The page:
- The Washington Times - Friday, March 7, 2003

WASHINGTON, March 7 (UPI) — U.S. officials said Friday that they were continuing their hunt for Osama bin Laden, amid media reports that the noose was tightening around the accused terrorist mastermind.

"It's only a matter of time," White House spokesman Ari Fleischer said of the capture of bin Laden and other al Qaida leaders. "There's no cave deep enough to hide them."

The Washington Post reported Friday that U.S. and Pakistani forces were focusing their search for bin Laden in northwest Pakistan after getting new leads on his whereabouts from the captured No. 3 man in the al Qaida network.

The re-energized search for the accused terrorist mastermind began after last weekend's capture of Khalid Sheikh Mohammed, believed to be al Qaida's operational chief, in Islamabad.

The Post said the search has revived discussions within the Bush administration on whether bin Laden should be killed or captured if he is found.

Special operations forces were sent Wednesday to Pakistan's northwest portion, near its porous border with Afghanistan, the Post said, quoting U.S. officials. The newspaper was told the move came after information gleaned during and after Mohammed's arrest.

Bin Laden's whereabouts have been unknown since he is said to have escaped the U.S. bombing campaign of the Tora Bora cave complex in Afghanistan in late 2001. There is no firm evidence to suggest he is alive, though U.S. officials attributed two recent audiotapes to him.

The Post quoted the head of an allied intelligence agency as saying that bin Laden and his al Qaida co-founder, Ayman al Zawahiri, "have a lot of money still, and they are spending money" in Pakistan's border areas.

"We have tracked this sometimes," the official said. "Sometimes bin Laden and Zawahiri are together, sometimes not."

The Post said it is not believed that either man can be taken alive because of their security entourage.

An authoritative source told the Post the operations orders for a bin Laden takedown call for going in "guns blazing, no restraint — you're going to blow the security away and blow the protection away."

Both Attorney General John Ashcroft and CIA Director George Tenet are against attempts to capture bin Laden alive, the Post quoted participants in meetings with the men as saying. Both men believe a bin Laden trial or execution could lead to unrest in the Arab world.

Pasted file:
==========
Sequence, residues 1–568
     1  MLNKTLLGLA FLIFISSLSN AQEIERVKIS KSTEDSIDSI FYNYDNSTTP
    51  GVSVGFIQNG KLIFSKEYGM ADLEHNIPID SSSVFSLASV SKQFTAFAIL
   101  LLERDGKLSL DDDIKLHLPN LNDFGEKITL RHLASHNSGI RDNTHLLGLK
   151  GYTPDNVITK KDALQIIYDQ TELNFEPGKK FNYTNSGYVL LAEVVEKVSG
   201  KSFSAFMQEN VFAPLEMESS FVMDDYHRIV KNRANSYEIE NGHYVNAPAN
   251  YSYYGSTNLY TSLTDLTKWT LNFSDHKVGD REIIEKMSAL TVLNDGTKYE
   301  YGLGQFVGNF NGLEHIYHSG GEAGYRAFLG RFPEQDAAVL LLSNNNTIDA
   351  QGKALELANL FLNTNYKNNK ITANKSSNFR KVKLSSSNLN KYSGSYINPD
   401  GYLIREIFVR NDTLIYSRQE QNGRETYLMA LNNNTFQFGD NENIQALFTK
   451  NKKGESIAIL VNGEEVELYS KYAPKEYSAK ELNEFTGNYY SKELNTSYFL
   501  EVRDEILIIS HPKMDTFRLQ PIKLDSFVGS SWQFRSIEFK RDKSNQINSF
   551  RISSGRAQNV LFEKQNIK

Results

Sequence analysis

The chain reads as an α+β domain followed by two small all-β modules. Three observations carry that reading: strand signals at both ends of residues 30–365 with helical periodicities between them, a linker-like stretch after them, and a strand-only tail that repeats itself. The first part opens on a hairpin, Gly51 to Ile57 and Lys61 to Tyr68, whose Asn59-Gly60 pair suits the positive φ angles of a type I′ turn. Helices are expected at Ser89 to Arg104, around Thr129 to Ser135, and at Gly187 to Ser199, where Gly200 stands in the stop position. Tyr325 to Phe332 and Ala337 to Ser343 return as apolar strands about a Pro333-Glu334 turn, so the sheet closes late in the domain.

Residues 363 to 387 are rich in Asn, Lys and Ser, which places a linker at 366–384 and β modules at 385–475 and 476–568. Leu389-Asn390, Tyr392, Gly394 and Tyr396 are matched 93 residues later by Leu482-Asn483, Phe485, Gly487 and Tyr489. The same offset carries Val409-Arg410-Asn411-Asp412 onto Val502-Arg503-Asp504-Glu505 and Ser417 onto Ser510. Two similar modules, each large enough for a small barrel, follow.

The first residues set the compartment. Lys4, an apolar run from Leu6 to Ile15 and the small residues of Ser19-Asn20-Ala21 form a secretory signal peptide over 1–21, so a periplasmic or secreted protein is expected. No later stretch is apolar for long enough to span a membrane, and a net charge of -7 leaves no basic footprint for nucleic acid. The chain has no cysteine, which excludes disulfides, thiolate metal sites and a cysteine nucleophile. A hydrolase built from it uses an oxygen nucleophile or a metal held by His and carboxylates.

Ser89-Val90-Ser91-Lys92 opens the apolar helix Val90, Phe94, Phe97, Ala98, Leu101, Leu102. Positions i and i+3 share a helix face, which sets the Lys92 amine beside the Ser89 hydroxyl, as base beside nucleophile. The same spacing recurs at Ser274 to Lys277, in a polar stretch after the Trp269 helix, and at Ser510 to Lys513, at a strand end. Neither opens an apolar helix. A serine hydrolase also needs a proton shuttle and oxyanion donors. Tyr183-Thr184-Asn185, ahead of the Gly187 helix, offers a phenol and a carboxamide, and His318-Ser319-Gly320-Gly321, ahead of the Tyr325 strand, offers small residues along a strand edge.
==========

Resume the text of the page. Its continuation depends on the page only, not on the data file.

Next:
But others say the al Qaida leader would be more useful alive.

"Catching him doesn't end the war on terrorism," an official told the Post.

The newspaper quoted a top-ranking adviser as saying President George W. Bush's overriding goal is to "cut the head off the snake." The president asks for updates on "high-value targets," including bin Laden.

Mohammed, the alleged planner of the Sept. 11, 2001, terrorist attacks on New York and Washington, is in U.S. custody in the Bagram Air Base in Afghanistan, according to a senior Pakistani official. He reportedly warned his captors at the time of his arrest Saturday of several terror attacks against U.S. interests, the Post cited Pakistani intelligence officials as saying. He was described as unrepentant and almost cocky during his initial interrogation Saturday.

The Pakistani official told the Post that Mohammed said several times his arrest would not limit al Qaida's ability to strike U.S. interests.

"Let the Iraq war begin — the U.S. forces will be targeted inside their bases in the gulf," the official quoted Mohammed as saying. "I don't have any specific information, but my sixth sense is telling me that you will get the news from Saudi Arabia, Qatar and Kuwait."

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